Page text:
KNOXVILLE, Tennessee — Infant oral mutilation is the practice of gouging out an infant’s unerupted cuspids, also known as canine teeth. Traditional healers refer to infant oral mutilation as “ebinyo,” Bantu for “false teeth.” Healers perform ebinyo in several East African countries including, Tanzania, Uganda, Ethiopia and Kenya.
A Customary Procedure
To perform the procedure, traditional healers often use unsterile instruments, “bicycle spokes, hot needles, pointed knives, nails and other sharp objects,” without anesthesia. According to the Global Child Dental Fund, in Africa, approximately 25 million children endure infant oral mutilation annually, often as a customary tradition. Many believe that it is a treatment to ward off diarrhea, fevers and vomiting. The typical age bracket during which healers conduct the procedure is 4-8 months old, but this can extend to up to 18 months.
As the gums swell during the teething stage, the healers mistake the “white soft enucleated tooth buds” as “tooth worms.” Many healers believe that “tooth worms” are the source of common childhood illnesses. However, removing the canines often exacerbates illnesses because of blood loss and dehydration.
Poverty and Lack of Access to Oral Care
Many East African countries lack access to oral health care. Uganda has 310 dentists across the nation for a population of about 44 million, according to 2019 data, and Tanzania has 423 dentists for a country of about 56 million people, according to 2018 data.
In addition to the scarcity of dentists in East African countries, many people cannot afford oral health care services. In 2020, the U.S. spending on dental care stood at $142 billion while the average total health care spending per capita in East African countries stood at less than $100 in 2018.
Because many East Africans cannot afford or access oral health care services from a dentist, they rely on traditional healers who often lack the health literacy to keep their patients safe, which is why infant oral mutilation prevails. Yet, many East Africans continue to utilize healers because their services are affordable and they are often trusted members of the communities they serve.
The Risks of Infant Oral Mutilation
Infant oral mutilation has both short and long-term risks. It is often painful and traumatizing and the invasive procedure could prove fatal due to the risks of the child going into immediate shock and the possibility of hemorrhaging. Additional dangers of infection, the transmission of diseases, blood loss and excessive clotting in the following weeks could occur. These conditions include “anemia, septicemia, meningitis, osteomyelitis, tetanus… hepatitis and HIV/AIDS.”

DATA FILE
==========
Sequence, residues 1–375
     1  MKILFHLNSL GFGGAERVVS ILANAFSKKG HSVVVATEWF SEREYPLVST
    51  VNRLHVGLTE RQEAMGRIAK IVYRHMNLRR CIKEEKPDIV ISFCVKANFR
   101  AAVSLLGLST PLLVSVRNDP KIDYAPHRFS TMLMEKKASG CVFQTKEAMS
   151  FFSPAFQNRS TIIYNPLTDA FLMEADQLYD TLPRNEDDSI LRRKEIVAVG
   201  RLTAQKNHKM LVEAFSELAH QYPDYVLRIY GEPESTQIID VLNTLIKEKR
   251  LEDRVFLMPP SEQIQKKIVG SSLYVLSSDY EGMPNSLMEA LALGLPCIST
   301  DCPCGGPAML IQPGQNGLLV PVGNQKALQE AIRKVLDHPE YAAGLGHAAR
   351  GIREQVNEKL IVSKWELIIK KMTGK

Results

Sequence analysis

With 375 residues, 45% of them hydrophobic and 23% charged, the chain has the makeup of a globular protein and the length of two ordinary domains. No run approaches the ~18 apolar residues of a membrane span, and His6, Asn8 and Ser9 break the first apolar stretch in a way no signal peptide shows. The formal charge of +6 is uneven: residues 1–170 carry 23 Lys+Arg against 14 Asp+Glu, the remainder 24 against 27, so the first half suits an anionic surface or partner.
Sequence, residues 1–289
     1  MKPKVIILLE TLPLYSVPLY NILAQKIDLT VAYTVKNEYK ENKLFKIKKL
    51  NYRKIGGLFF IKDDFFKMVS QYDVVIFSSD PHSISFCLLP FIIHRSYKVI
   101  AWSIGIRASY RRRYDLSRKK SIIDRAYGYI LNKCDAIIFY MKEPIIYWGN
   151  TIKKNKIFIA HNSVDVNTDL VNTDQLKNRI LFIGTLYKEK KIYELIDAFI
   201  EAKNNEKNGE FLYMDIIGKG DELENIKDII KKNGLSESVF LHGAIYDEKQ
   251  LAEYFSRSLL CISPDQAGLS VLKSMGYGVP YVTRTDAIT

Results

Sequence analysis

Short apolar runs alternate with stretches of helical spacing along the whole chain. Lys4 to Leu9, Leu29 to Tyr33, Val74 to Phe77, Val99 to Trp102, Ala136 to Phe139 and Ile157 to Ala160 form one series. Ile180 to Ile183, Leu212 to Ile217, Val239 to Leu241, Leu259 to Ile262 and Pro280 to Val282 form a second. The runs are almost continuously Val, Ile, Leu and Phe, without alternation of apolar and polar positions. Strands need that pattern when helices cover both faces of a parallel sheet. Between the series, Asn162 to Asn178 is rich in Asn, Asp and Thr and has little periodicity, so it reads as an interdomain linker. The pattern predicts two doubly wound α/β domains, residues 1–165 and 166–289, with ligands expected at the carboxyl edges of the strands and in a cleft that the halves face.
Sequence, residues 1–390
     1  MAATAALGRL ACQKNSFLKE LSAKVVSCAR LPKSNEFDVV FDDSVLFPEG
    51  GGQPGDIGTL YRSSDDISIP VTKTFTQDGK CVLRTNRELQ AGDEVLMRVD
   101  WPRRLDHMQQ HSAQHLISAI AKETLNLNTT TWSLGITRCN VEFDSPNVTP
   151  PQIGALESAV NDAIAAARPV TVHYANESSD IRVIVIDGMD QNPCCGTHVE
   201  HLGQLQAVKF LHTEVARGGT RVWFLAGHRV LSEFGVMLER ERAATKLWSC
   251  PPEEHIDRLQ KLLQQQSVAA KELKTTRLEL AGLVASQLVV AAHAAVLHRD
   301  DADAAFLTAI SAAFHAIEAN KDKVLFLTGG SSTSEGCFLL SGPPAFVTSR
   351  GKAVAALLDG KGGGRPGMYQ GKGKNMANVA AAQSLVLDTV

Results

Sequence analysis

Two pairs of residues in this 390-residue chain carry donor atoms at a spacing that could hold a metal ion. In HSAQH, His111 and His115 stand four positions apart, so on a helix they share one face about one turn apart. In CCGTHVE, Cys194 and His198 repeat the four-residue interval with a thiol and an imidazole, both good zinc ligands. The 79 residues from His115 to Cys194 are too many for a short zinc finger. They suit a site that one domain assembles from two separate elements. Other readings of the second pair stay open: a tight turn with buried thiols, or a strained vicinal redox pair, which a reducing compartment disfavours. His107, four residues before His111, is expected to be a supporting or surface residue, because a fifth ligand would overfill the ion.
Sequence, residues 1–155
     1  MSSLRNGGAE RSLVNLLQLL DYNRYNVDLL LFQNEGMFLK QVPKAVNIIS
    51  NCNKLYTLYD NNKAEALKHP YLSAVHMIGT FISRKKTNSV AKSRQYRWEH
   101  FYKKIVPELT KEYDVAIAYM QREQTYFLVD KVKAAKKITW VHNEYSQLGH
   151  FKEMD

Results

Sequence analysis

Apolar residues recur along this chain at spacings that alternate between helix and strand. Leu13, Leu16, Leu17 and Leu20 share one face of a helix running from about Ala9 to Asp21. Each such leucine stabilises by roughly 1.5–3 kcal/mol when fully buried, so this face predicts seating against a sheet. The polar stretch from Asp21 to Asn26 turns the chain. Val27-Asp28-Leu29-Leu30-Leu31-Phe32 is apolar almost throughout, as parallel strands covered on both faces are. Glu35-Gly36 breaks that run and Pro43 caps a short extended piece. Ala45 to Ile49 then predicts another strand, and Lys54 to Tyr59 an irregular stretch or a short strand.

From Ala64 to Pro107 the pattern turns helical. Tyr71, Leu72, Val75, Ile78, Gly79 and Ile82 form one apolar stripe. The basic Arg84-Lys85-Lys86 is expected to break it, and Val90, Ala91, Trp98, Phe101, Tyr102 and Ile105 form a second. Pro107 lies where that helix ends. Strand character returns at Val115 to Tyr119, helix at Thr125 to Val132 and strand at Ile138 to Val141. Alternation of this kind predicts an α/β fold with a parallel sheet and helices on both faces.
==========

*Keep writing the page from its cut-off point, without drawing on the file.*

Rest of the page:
The most common causes of hospitalization related to the procedure are septicemia and anemia. The risks are common and the reported child mortality rate ranges from 10%-85%. Some of the long-term effects for children who do not die from infant oral mutilation include missing incisors, ill-formed enamel on adjacent teeth (hypoplastic teeth), fracture of primary canines (dilaceration), “failure of development of primary canine” and “early eruption” of permanent teeth. Lisps are another possible long-term effect of the procedure.
Mobilization to Eradicate Infant Oral Mutilation
Global Child Dental Fund, which began in 2008, and Bridge2Aid, a nonprofit that has provided dental care training since 2004, are teaming up to develop a digital training cascade program in Tanzania. The pilot program will initially train around 150 clinicians and traditional healers on the hazards of infant oral mutilation and seek to replicate the model throughout Tanzania upon success. The model involves the key trainer holding two sessions to train dental therapists, district officers, community health workers and child workers. Those in the initial training sessions will hold subsequent sessions for clinical officers, nurses, health facility governing committee members and traditional healers. The cascade model enables more clinicians and healers to receive training at a quicker rate. The first stage of the program ran from March 2021 to October 2021.
In 2011, the organization Kinga Africa began its mission in Kenya to reach at-risk children with education on the importance of good oral hygiene. Since its inception, it has reached more than 5 million children while simultaneously running the campaign Action Against IOM to educate and train community health volunteers, primary school teachers, mothers and traditional healers.
Addis Ababa Declaration 2019
In 2019, the Global Child Dental Fund, chief dental officers and ministries of health from several African countries met in Addis Ababa, the capital of Ethiopia, to discuss the prevalence and dangers of infant oral mutilation. They signed the “Addis Ababa Declaration 2019” as a commitment to “end the practice of infant oral mutilation within 10 years.”
Signatories will do this by advocating the importance of action against infant oral mutilation and educating people about the dangers of the practice. The declaration’s goal is “a public health campaign” in every East and Central African country with “educational posters” denouncing the practice. It will also create “school-based [programs]” to educate future generations on the matter.
Many people who realize the risks of the procedure in East Africa advocate ending the practice. Instead of villainizing traditional healers, it is imperative to involve them in eliminating infant oral mutilation because communities trust them. Educating and training healers on the dangers of the practice and offering an alternative treatment to common childhood illnesses is the key to eradicating infant oral mutilation.
– Amy Helmendach